I felt that I was being discriminated against because of my ethical beliefs, and I feel that if there were a law put in place in Connecticut that allowed students to choose to not dissect, it would eliminate this discrimination that several students face in high school based on their ethical beliefs.

When a student objects, oftentimes they're faced with harassment from other students, and even sometimes teachers, unfortunately, when a student comes up and says I'm not gong to dissect based on this, this and this, and the teacher sometimes, hopefully not, will tell the student they're wrong and oftentimes question their objections.

If a student is ethically objecting to a dissection, they should not be questioned on it. It should be allowed in especially required courses.

So I'm here to support the dissection choice bill and I hope that you guys will vote yes on it.

REP. URBAN: Thank you, Allison. It's my understanding that some of our surrounding states have already instituted dissection choice.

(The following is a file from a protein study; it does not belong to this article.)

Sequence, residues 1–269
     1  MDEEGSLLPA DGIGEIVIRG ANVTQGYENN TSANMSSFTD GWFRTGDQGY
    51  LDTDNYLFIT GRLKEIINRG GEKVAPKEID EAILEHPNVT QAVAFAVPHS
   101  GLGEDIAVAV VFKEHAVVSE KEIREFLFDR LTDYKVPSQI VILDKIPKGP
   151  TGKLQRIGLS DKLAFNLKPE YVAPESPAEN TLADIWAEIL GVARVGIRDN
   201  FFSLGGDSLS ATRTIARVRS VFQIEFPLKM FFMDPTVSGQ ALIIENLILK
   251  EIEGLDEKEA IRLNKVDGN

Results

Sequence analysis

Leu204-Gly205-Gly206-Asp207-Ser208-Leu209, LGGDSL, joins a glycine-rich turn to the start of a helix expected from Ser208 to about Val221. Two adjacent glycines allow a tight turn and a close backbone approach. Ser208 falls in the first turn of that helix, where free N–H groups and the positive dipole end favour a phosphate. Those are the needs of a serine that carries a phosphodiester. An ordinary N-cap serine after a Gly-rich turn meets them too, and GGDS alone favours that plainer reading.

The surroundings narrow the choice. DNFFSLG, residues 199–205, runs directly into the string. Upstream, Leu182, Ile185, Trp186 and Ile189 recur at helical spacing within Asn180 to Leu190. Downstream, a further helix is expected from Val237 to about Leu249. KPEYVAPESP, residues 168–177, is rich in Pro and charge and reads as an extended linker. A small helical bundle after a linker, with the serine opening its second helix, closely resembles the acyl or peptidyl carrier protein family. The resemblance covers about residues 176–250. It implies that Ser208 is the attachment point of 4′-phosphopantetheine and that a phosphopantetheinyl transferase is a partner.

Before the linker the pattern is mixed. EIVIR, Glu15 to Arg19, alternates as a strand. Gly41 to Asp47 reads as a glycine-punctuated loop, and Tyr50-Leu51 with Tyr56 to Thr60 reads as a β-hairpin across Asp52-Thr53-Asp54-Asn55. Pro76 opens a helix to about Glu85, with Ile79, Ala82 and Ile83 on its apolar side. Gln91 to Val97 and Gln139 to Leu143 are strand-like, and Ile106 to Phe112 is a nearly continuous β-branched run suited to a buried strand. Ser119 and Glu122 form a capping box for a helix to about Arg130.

ALLISON PETIT: Yes. Several other states have. I know that California was the first, and other (inaudible), I'm not sure of the entire list at this point, but Vermont recently passed, which is a good thing because they're nice and close.

But I think it's definitely, it's not an animal (inaudible) issue. I see it more as a student choice issue because there are students who eat meat who will still object to dissection, and each student draws a line in a different place and if they choose not to dissect, then they should be, the school should be accommodating with it.

REP. URBAN: And it's also my understanding that there are excellent computer models that are available now and probably end up saving the schools money.

ALLISON PETIT: They do. And there's actually the free loan program that the Anti Vivisection Society has some dealings with and the schools can borrow from this program at no cost. You do have to have a credit card and they take a deposit, but they give it back as soon as the materials are returned, so fiscally it would save schools lots of money if they decided to do this because they wouldn't actually even have to purchase the alternatives.